‘We Already Have So Little’: Hurricane Ian Strikes Cuba With 125+ MPH Winds

Hurricane Ian tore into western Cuba on Tuesday as a major hurricane, with nothing to stop it from intensifying into a catastrophic Category 4 storm before it hits Florida, where officials ordered 2.5 million people to evacuate before it crashes ashore Wednesday.

Ian made landfall at 4:30 a.m. EDT Tuesday in Cuba’s Pinar del Rio province, where officials set up 55 shelters, evacuated 50,000 people, rushed in emergency personnel and took steps to protect crops in Cuba’s main tobacco-growing region.

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People observe a flooded street in Consolacion del Sur, Cuba, on September 27, 2022, during the passage of hurricane Ian. – Hurricane Ian made landfall in western Cuba early Tuesday, with the storm prompting mass evacuations and fears it will bring widespread destruction as it heads for the US state of Florida. (Photo by ADALBERTO ROQUE / AFP) (Photo by ADALBERTO ROQUE/AFP via Getty Images)

The U.S. National Hurricane Center said “significant wind and storm surge impacts” were occurring Tuesday morning in western Cuba. Ian’s sustained top winds were 125 mph (205 kmh) and as much as 14 feet (4.3 meters) of storm surge was predicted along Cuba’s coast.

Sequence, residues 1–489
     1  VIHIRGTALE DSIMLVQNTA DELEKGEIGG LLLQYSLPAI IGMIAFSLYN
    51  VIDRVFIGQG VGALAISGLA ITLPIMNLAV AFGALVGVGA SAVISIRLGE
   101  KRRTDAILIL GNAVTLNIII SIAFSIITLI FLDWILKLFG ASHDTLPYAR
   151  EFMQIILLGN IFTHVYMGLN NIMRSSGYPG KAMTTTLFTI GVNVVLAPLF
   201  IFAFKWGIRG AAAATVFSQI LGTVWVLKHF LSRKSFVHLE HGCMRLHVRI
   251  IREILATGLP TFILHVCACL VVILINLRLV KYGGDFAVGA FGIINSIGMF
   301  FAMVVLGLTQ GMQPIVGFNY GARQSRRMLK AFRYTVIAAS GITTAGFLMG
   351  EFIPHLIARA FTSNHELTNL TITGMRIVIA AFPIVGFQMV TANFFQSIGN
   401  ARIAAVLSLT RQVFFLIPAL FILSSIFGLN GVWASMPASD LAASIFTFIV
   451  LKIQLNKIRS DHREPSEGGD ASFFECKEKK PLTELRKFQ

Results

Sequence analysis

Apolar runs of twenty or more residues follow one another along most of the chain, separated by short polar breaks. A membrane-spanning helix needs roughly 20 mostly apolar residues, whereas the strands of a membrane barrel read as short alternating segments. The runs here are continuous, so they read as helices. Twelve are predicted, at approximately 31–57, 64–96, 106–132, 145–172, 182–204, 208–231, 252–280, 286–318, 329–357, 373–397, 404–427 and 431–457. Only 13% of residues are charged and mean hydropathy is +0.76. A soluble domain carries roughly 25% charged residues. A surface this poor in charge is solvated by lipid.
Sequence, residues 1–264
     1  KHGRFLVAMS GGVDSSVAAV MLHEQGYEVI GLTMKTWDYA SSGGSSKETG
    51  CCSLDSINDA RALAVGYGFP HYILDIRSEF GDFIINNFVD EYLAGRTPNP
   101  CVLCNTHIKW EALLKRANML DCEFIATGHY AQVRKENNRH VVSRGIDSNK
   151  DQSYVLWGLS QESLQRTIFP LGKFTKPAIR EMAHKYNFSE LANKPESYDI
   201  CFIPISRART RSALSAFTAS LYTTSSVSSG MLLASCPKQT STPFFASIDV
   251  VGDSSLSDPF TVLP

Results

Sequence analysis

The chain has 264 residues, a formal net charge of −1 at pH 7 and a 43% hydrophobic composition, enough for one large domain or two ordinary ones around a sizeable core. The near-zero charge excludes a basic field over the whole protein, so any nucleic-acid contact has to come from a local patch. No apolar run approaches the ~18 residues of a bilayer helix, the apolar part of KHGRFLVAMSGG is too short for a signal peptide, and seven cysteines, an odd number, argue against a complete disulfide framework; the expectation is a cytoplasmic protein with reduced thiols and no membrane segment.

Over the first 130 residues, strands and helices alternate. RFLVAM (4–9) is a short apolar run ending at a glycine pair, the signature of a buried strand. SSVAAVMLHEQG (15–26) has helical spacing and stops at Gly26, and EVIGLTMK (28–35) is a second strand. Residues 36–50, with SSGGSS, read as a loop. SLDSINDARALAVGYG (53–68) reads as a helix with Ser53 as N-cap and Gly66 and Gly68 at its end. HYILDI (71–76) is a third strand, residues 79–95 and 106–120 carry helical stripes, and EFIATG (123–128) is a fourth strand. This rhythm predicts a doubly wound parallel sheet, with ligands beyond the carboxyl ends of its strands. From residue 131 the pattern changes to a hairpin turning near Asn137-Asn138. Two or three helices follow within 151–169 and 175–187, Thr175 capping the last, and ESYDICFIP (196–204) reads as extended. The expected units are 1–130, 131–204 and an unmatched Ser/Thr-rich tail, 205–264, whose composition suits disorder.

Ian was forecast to strengthen even more over warm Gulf of Mexico waters, reaching top winds of 140 mph (225 kmh) as it approaches the Florida’s southwest coast. Tropical storm-force winds were expected across the southern peninsula late Tuesday, reaching hurricane force Wednesday morning.

While Ian’s center passed over western Cuba, with tropical storm force winds extending outward 115 miles (185 kilometers), Cuba’s capital was getting rain and strong gusts Tuesday morning. Havana’s residents openly worried about flooding ahead of the storm, with workers unclogging storm drains and fishermen taking their boats out of the water.

“I am very scared because my house gets completely flooded, with water up to here,” Adyz Ladron said, pointing to his chest.

In Havana’s El Fanguito, a poor neighborhood near the Almendares River, residents packed up what they could.

“I hope we escape this one because it would be the end of us. We already have so little,” health worker Abel Rodrigues said.